The Luddites were probably right. It’s best to destroy all machinery. If only they had carried out their work to its full effect before it was too late for society to turn back. The movement started, according to the lore, with the destruction of two knitting frames by Ned Ludd—the man who would become the namesake for the uprising whether he wanted to or not. And plus, his name wasn’t even Ned Ludd, they say. Instead, it’s been speculated that it was Edward Ludlam…but no one seemed to consult him when wielding some aspect of his moniker for their “revolution.” Of course, theirs was not a match for the Industrial one. For when the wheels of a machine start turning, there is never any stopping it. Alas, the whole concept of a “machine” was too new for anyone to grasp that fact just yet.
Mabel Crossham, the nineteen-year-old girl who saw “Ned” (or whatever the hell his name really was) being whipped for going too slowly about his business, was the one that spurred him to break the stocking frames in rebellion. She kept whispering to him, “Just break that shit! Fucking break it and show them what happens when they try to whip you for not being ‘fast enough’! The bloody nerve! You think they could go any faster?” Ned knew they couldn’t. Yet he had no idea that, as time wore on, well past the moment of his death, the same struggle would continue over and over again. In modern times, as one knows, it would mutate into the form of the corporation continuously and escalatingly axing any actual human being as only a robot—literally—can keep up with the pace desired (indicated by workers of a certain Scarlet A-letter company detailing their woes about having to piss in bottles so as not to waste time on a bathroom break that might take away from meeting their quotas).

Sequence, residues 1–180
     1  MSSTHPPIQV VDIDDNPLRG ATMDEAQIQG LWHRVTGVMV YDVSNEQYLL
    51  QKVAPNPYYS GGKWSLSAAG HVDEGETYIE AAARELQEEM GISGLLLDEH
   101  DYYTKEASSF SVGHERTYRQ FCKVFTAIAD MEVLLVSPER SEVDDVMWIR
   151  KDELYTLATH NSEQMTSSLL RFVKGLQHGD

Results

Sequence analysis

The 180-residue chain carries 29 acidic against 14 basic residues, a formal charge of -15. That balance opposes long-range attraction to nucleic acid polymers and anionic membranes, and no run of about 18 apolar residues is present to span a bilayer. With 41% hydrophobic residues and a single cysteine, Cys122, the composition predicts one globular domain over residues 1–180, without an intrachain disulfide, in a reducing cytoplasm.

Ned was amenable to letting the revolt gather steam in his name primarily because he had to admit he had long been lusting after Mabel. She would sit right near him weaving in that delectable dress that completely covered all parts of her skin and he would go a bit mad. Indeed, this was likely the reason behind his slowness. But if getting whipped was what it took to garner her attention, then it had all been worth the physical pain. Yet now, he was enduring a different sort of pain altogether: listening to her yammer on and on at meetings about how everyone needed to act now, to destroy every piece of machinery they could get their hands on before it was too late. In some respects, it was almost as though the Luddites were a precursor to Tyler Durden’s Project Mayhem. An “organization” (content to wreak total disorganization) designed to cause confusion and, ultimately, to destroy corporate America entirely—and yes, corporate America is basically the contemporary equivalent of what the Industrial Revolution did to those whose jobs relied on an “analog manner.”
Those who once depended on stocking frames for their livelihood would now turn against them in protest, smashing any of the mechanisms that they could get their hands on (the way women still, to this day, try to smash the patriarchy). The “frame breakers”—that’s how they would come to be known when they weren’t being referred to as Luddites and invoking that name as a sort of mythical “captain” for their cause (hence wielding “Captain Ludd” or even “King Ludd” as the moniker of the leader who proverbially “sent them” to destroy)—had gained momentum. All thanks to placing their faith in a single man’s supposed “manifesto.” Again, in this respect, Tyler Durden seems to have ripped off a lot from Ned (so in this case, “I am Ned’s complete lack of surprise”—for everything is a copy of a copy of a copy…especially after copy machines were invented).